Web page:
It was yet another gory tale from Plateau State, a state that has been wracked by violence over the years owing to the protracted internecine clashes.
Reports of attacks on villages and killing of people have become a standard fare in the state. Hundreds of people have been sent to their graves in such bizarre circumstances. It is a state where piles of bodies in various grotesque forms have become a common sight to the residents.
Plateau State has become one of the states in Nigeria where death is cheap and government seems to have been at its wits' end on how to handle the ethno-religious tensions that are fuelling the orgy of killings on the plateau.
In one of such attacks in July, the Chairman, Senate Committee on Health, Senator Gyang Dantong, and a member of the state House of Assembly representing Barkin Ladi Constituency, Hon. Gyang Fulani, were among scores of mourners killed in Matse village, Riyom Local Government Area by suspected Fulani gunmen.
The two lawmakers were reportedly killed when the gunmen invaded the village as they were attending a mass burial for 63 victims killed earlier in an attack in Karkuruk, Barkin Ladi Local Government Area of the state.
Another lawmaker, Hon. Simon Davou Mwadkwon, a member of the House of Representatives representing Barkin Ladi/Riyom Federal Constituency and Chairman of Barkin Ladi Local Government Area, Mr. Emmanuel Lomang, narrowly escaped death.
The attack on the lawmakers and others during the funeral saw the unconfirmed death toll rise from the attack and the reprisals to 104.
The state government, shocked by the killings, imposed a dusk-to-dawn curfew on four local government areas in the state, in an act that has become a ritual response to the outbreak of violence in the state.
Another 50 more bodies, linked to the Church of Christ in Nigeria (COCIN), were reportedly discovered in the house of a pastor in Matse.
The bodies were suspected to be those who ran for safety to the pastor's house as they were being pursued by the suspected Fulani attackers. But Fulani community leaders denied that their people had done anything wrong.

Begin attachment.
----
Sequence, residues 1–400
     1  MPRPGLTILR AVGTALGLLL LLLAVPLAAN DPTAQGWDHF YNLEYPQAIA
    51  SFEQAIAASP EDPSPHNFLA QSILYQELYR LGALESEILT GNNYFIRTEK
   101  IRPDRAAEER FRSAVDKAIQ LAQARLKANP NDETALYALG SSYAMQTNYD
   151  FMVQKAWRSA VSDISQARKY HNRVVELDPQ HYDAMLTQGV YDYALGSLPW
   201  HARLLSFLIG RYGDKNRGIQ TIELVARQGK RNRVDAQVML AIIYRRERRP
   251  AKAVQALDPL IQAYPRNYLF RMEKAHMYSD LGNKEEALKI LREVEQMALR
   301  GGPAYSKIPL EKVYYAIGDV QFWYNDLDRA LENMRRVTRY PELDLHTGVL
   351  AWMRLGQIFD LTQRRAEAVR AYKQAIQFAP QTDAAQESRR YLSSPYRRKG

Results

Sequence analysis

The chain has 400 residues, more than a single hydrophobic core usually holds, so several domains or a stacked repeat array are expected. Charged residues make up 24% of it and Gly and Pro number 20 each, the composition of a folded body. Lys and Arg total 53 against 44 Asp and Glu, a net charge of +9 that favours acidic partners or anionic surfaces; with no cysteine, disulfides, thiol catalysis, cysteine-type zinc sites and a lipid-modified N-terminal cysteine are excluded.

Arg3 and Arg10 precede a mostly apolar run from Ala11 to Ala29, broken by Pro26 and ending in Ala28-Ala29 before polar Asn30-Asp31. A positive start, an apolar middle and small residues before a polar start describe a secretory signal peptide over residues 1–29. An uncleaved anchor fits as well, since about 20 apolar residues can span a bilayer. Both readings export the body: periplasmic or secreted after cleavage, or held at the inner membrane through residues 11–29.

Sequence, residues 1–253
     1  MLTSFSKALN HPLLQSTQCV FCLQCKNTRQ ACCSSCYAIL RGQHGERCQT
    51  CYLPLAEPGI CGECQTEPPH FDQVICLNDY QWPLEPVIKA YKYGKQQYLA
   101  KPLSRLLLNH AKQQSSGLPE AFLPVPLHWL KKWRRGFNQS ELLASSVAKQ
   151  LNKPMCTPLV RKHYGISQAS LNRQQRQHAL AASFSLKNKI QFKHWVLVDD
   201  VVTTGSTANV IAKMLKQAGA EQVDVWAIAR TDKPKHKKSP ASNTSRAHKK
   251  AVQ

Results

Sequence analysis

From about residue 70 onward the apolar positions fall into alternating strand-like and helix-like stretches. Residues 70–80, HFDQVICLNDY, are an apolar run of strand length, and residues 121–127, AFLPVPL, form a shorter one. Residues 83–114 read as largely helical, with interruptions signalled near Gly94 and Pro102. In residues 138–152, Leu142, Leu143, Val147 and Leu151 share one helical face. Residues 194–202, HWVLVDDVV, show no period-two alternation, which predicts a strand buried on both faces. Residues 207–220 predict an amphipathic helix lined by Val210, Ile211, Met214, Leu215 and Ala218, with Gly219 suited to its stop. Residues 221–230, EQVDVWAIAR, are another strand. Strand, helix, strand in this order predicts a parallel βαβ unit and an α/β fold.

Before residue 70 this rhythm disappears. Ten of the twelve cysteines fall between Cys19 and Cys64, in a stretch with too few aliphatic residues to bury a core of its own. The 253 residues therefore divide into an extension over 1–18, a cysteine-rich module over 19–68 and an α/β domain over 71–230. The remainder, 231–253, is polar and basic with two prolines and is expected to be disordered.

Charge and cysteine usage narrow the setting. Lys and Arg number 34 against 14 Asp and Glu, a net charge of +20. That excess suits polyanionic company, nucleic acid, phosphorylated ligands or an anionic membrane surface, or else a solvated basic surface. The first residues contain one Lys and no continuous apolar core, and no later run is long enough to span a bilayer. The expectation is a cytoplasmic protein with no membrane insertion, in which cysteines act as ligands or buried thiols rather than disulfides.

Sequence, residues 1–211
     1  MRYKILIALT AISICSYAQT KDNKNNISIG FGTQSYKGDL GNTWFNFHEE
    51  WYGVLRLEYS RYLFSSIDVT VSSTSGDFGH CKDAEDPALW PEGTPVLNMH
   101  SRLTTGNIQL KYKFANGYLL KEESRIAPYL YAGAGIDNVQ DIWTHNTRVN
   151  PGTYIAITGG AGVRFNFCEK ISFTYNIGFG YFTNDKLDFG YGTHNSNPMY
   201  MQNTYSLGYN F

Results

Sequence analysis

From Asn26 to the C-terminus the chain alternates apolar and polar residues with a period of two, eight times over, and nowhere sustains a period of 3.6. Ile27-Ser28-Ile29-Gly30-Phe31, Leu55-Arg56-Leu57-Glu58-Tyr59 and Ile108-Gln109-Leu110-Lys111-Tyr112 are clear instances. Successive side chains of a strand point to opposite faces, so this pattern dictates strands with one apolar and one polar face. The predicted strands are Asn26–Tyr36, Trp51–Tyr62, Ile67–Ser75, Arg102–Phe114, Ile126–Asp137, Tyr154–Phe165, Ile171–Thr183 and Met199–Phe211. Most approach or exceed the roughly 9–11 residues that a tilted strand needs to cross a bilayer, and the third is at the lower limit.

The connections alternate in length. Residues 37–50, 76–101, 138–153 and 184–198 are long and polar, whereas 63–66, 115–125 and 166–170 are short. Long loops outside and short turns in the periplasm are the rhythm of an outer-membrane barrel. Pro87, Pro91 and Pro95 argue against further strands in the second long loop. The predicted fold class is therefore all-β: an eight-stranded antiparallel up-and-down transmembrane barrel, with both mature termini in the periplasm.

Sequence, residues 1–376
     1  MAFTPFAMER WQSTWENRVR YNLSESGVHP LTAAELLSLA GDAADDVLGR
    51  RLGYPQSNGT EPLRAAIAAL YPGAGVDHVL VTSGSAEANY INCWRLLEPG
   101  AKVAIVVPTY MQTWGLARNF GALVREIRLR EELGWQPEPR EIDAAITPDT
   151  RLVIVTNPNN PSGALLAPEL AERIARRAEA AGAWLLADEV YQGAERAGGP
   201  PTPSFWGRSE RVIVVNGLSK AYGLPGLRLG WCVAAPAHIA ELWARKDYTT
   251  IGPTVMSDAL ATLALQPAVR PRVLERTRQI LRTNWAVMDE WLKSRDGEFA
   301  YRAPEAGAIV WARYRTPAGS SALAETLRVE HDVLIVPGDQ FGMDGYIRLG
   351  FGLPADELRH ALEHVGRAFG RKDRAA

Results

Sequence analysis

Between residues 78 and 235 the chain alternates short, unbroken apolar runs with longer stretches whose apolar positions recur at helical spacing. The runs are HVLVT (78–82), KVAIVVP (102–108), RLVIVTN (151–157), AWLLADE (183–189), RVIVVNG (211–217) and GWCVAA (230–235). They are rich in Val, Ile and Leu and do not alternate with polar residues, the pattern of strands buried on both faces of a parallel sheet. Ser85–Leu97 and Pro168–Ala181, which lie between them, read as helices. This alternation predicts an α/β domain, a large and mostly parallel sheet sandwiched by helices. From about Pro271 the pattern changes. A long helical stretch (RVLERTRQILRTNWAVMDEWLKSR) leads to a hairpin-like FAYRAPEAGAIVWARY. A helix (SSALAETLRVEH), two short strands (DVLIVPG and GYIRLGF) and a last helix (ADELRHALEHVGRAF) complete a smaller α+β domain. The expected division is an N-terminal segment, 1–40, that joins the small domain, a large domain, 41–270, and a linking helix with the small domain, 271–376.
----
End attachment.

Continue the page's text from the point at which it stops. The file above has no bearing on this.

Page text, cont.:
In the latest attack on Wednesday night, the agents of death were again on the prowl as they sneaked up on Kachin village in Kura district of Barkin Ladi Local Government Area of Plateau State.
The village head, Chief Thomas Gyang, his wife, Rebecca, and a woman living with them were killed in their home by unknown gunmen. But their seven-month-old baby was spared by the assailants.
Confirming the attack yesterday, the state Police Public Relations Officer (PPRO), Mr. Emmanuel Abuh, said: "The incident occurred yesterday (Wednesday) evening at about 8:30 pm, when unknown gunmen, suspected to be Fulani herdsmen, attacked Kachin village killing the chief of the village and his wife."
Abuh, however, said riot policemen attached to the Special Task Force (STF) deployed in the area were able to kill two of the attackers.
The police spokesman said the state Commissioner of Police, Mr. Emmanuel Diipo Ayeni, had since deployed more riot policemen and plain-clothes detectives in the area to repel possible attacks, adding that the bodies of those that died have been deposited at the Nigerian Air Force Hospital Mortuary, Jos.
Also confirming the incident, the spokesman of the STF, Captain Salisu Mustapha, said the two assailants were gunned down after an exchange of gunfire with the security men, adding that no arrest has been made. He said three people were killed by the gunmen.
As usual, nobody knew why the village was attacked, although it was believed that the attack was part of the feud between the Hausa/Fulani and indigenous people of the state.